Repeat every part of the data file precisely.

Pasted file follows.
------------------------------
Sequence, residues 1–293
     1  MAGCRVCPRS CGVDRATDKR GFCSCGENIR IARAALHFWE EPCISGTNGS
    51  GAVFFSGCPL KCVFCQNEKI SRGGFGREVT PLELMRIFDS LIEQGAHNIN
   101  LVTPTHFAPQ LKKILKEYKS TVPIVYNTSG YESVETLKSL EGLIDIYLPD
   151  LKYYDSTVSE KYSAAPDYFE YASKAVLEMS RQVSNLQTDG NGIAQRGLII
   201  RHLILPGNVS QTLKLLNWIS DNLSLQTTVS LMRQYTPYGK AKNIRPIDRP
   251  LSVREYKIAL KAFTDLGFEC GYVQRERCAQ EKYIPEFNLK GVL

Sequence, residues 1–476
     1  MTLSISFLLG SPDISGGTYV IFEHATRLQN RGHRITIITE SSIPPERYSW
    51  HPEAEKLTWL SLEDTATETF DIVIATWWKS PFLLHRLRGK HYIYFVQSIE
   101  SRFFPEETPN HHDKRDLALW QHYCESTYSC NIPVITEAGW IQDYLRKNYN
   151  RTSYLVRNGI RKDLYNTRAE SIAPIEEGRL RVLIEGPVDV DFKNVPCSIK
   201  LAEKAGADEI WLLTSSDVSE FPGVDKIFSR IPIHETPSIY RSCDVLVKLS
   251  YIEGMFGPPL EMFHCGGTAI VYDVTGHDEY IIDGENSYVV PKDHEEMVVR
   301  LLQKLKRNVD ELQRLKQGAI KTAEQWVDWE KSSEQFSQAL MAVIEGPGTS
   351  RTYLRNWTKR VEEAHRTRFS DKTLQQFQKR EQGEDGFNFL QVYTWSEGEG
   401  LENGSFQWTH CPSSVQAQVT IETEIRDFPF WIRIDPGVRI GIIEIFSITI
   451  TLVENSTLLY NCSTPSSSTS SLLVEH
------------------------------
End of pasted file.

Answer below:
Sequence, residues 1–293
     1  MAGCRVCPRS CGVDRATDKR GFCSCGENIR IARAALHFWE EPCISGTNGS
    51  GAVFFSGCPL KCVFCQNEKI SRGGFGREVT PLELMRIFDS LIEQGAHNIN
   101  LVTPTHFAPQ LKKILKEYKS TVPIVYNTSG YESVETLKSL EGLIDIYLPD
   151  LKYYDSTVSE KYSAAPDYFE YASKAVLEMS RQVSNLQTDG NGIAQRGLII
   201  RHLILPGNVS QTLKLLNWIS DNLSLQTTVS LMRQYTPYGK AKNIRPIDRP
   251  LSVREYKIAL KAFTDLGFEC GYVQRERCAQ EKYIPEFNLK GVL

Sequence, residues 1–476
     1  MTLSISFLLG SPDISGGTYV IFEHATRLQN RGHRITIITE SSIPPERYSW
    51  HPEAEKLTWL SLEDTATETF DIVIATWWKS PFLLHRLRGK HYIYFVQSIE
   101  SRFFPEETPN HHDKRDLALW QHYCESTYSC NIPVITEAGW IQDYLRKNYN
   151  RTSYLVRNGI RKDLYNTRAE SIAPIEEGRL RVLIEGPVDV DFKNVPCSIK
   201  LAEKAGADEI WLLTSSDVSE FPGVDKIFSR IPIHETPSIY RSCDVLVKLS
   251  YIEGMFGPPL EMFHCGGTAI VYDVTGHDEY IIDGENSYVV PKDHEEMVVR
   301  LLQKLKRNVD ELQRLKQGAI KTAEQWVDWE KSSEQFSQAL MAVIEGPGTS
   351  RTYLRNWTKR VEEAHRTRFS DKTLQQFQKR EQGEDGFNFL QVYTWSEGEG
   401  LENGSFQWTH CPSSVQAQVT IETEIRDFPF WIRIDPGVRI GIIEIFSITI
   451  TLVENSTLLY NCSTPSSSTS SLLVEH